Video transcript: Financial reporting update: For-profit entities

Transcript for a video recorded for the Audit New Zealand 2020 information updates. This video provides a financial reporting update for for-profit entities.

Brett Story, Associate Director Technical

Hello, I’m Brett Story, Associate Director Technical at Audit New Zealand. Welcome to this 2020 financial reporting update video. Today I will be talking about two standard changes that come into effect this year for for-profit entities.

The main focus of the presentation today is providing an overview of the new lease standard NZ IFRS 16. There are a lot details and considerations under this new standard and I am not going to get into all those today in this short recording. However, I will cover some common areas to be aware of.

I will also highlight the considerations you must now make when faced with uncertainties over tax treatments, which is now addressed by the interpretation, NZ IFRIC 23.

NZ IFRS 16 has been along time coming and for some of you if will be the most significant accounting change to your financial statements since adoption to NZ IFRS.

The new standard requires lessees to recognise most leases on their balance sheets, which will typically result in the recognition of a present valued lease liability and a right of use asset that is subsequently depreciated. That accounting is similar to the finance lease accounting model under NZ IAS 17.

For lessees with significant operating leases, there are likely to be significant implications to your financial statements, which I’ll highlight in a moment.

For lessors, you continue to apply the finance and operating lease model. This means the lease accounting models for lessors and lessees are no longer symmetrical.

Today I will only be covering lessee accounting. I won’t be covering lessor accounting as that is largely unchanged under NZ IFRS 16.

So what are the consequences of the new standard for the financial statements for lessees with significant operating leases?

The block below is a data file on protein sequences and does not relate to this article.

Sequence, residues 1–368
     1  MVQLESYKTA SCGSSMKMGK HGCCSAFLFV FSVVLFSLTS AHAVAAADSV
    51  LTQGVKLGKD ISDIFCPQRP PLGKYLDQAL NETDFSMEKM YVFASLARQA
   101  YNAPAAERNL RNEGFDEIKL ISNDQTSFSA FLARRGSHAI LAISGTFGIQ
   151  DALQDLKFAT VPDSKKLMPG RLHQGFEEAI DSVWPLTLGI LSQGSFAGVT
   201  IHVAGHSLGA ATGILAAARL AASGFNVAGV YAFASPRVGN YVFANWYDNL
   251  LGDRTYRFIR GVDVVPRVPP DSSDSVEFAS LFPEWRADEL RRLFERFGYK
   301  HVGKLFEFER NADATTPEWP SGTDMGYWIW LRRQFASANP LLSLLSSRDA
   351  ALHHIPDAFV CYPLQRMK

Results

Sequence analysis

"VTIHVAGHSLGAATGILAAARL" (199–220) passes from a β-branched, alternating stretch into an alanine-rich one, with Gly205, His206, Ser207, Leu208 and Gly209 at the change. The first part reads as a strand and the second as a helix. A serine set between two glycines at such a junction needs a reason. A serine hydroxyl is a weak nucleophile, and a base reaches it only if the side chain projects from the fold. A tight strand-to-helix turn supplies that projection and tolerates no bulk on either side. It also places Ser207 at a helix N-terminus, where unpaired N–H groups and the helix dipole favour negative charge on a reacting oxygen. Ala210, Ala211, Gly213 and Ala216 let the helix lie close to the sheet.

There are likely to be significant implications for the balance sheet with the recognition of new right of use assets and lease liabilities. This is likely to impact on balance sheet ratios and possibly borrowing covenant calculations.

EBITDA will increase as operating lease expenses will be replaced by interest on the finance lease liability and depreciation on the right of use asset.

It’s important to highlight that the total expense recognised over the lease term does not change.

However, the expense will be higher in the earlier years of the lease due to the higher finance charge on the lease liability.

Operating cash outflows will decrease as the lability principal portion of the lease payments will now be a financing cash outflow.

There are two optional recognition exemptions available for lessees to make the standard easier to apply.

The first is for short term leases, which are those leases with a lease term that is less than 12 months.

The second is for leases of low valued assets.  So what is a low valued asset? The basis for conclusion of IFRS 16 refers to USD 5,000 and below as a guide. The standard also provides examples that low value items could includes tablets, PCs, small items of office furniture and phones.

The assessment of low value is based on the value of the asset when new regardless of the actual age of the asset. For example, a lease of 2nd hand car would not qualify as a new car would not be low value. The assessment of low value is also made for an individual item when it is not highly dependent or interrelated with other assets. For example, if you lease 100 smart phones with a value of $1,500 each you would assess the value on a per phone basis rather than as a single group with a combined new value of $150,000.

Whether an item is low value will sometimes be an area that requires judgement. When these elections are applied, the lease expense is recognised over the lease term on a straight line/or other systematic basis, consistent with operating lease accounting.